I've tried this technique myself and it works a treat!

Jim


Wow ... They make it hard don't they...

Painsthop Pro process is as follows

1. select scratch removal tool
2. draw stright line
3. admire result...

See Adobe ain't perfect !!!

Regards
Andy

Jim Ford
18th April 2008, 08:08 AM
Ah but 'canned' procedures don't always have the flexibility sometimes needed!
;^)

Jim

Ellie
18th April 2008, 01:58 PM
Crikey, that looks like hard work. :eek:

With Photofiltre I just select the clone tool, check it for size, control/click on the area I want to copy and draw over the blemish.

OlyPaul
18th April 2008, 02:47 PM
For cloning straight lines like this you can do it just as easily in elements or PS by setting the clone point and clicking once on the begining of the line then hold the alt key down and click on the end of the line and it will do it automaticly between the two points without having to manualy draw the line or bothering with a path. ;)

shenstone
18th April 2008, 04:41 PM
Ah but 'canned' procedures don't always have the flexibility sometimes needed!
;^)

Jim

No. but they should be there when you spend that much

Regards
Andy

Jim Ford
18th April 2008, 05:08 PM
No. but they should be there when you spend that much


So by the same token, we should have a 'Point and Shoot' mode on the E3?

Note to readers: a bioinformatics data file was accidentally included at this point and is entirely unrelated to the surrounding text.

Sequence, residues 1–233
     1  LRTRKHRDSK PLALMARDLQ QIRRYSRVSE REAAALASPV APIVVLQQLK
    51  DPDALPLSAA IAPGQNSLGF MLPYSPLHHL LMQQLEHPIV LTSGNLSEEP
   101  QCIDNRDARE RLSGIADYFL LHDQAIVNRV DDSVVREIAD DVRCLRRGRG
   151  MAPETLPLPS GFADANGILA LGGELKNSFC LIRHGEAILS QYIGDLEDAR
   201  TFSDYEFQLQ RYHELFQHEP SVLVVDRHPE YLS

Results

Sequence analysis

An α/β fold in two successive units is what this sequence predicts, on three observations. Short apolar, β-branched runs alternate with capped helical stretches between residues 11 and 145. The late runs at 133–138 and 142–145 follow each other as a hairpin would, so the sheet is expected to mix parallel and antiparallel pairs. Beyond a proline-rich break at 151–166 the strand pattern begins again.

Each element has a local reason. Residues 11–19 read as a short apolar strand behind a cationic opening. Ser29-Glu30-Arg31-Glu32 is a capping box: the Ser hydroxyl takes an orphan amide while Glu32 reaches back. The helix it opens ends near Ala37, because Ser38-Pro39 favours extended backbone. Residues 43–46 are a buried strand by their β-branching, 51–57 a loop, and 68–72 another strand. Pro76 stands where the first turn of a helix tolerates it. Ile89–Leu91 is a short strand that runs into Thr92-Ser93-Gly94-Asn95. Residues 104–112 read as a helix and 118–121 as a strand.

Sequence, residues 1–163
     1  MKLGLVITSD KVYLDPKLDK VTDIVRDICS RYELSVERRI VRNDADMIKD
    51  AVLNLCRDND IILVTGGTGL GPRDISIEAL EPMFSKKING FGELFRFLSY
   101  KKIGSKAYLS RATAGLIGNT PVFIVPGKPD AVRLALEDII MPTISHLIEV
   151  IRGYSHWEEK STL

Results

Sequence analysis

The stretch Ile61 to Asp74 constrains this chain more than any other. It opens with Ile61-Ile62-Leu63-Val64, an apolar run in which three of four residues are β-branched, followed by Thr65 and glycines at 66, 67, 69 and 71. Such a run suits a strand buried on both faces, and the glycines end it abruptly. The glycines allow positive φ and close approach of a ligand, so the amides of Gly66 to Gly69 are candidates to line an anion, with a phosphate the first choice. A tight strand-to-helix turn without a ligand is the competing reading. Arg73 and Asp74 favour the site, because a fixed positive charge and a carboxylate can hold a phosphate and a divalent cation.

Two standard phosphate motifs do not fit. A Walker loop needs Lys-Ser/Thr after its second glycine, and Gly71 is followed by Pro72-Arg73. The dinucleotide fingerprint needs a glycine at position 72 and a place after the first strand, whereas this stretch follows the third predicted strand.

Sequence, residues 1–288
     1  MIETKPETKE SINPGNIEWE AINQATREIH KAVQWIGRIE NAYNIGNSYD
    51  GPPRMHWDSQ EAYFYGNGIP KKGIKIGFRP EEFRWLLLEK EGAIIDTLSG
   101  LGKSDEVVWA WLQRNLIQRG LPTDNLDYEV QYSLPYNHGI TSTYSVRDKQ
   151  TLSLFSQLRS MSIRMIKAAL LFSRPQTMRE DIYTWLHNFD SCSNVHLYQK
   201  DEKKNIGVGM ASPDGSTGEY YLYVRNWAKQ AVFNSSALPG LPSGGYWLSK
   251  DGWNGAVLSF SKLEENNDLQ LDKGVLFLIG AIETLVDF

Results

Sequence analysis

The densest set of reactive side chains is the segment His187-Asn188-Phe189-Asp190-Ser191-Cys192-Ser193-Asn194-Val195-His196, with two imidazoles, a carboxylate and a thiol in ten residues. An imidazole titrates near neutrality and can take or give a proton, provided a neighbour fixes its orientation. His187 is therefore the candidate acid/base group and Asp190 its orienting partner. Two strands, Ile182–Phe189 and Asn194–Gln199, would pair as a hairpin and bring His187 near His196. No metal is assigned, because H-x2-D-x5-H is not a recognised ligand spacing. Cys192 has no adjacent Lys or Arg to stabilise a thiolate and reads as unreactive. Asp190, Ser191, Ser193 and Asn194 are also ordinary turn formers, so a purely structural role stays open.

Jim

shenstone
18th April 2008, 05:47 PM
So by the same token, we should have a 'Point and Shoot' mode on the E3?

Jim

Yes and you do it's ... Program mode Automatic with the live view read screen. that's P&S in my mind.it's the mode you adopt when you want the ultimate grab shot with little time to think about anything more - not an everyday tool, but sometimes the easiest and will get you a good result

Don't get me wrong it's not that Adobe don't put out some powerful tools, but that people struggle to work with them because they think they have to because that's all the mags talk about. I've used just about everything out there and still do and I still use a number of adobe products. I just tend to post the alternatives because there are so many people posting how to do this in PS and/or LR and there are things that are better for specific jobs in other toolsets.

The Adobe stranglehold in the photo software is for the same reasons as CanNikon in the cameras ... Just market share and media domination. I try and stay with a wider toolset and open mind and use whatever will do the job best.

Regards
Andy

andym
18th April 2008, 09:46 PM
My big problem was that I had the wire between the bottom two sails(see my post Stansted mountfitchet windmill) that ran more or less parallel with the telphone wire,the more the wire came to the left the closer it came to the wire between the sails and eventually converged with it.I found this very hard to deal with.

Any more ideas.

shenstone
18th April 2008, 09:55 PM
My big problem was that I had the wire between the bottom two sails(see my post Stansted mountfitchet windmill) that ran more or less parallel with the telphone wire,the more the wire came to the left the closer it came to the wire between the sails and eventually converged with it.I found this very hard to deal with.

Any more ideas.

Andy

I've looked at it now and despite my comments re strightforward scratch tool removal there is no real alternative to some real careful clone work in cases like that where complex backgrounds are involved.

I had one stunner of a shot of a foxglove that I had to spend about an hour removing a spiders web I hadn't seen until the flash lit it up like a neon sign once I looked on my PC screen.

You did a tidy job so I suspect you know the technique quite well

Regards
Andy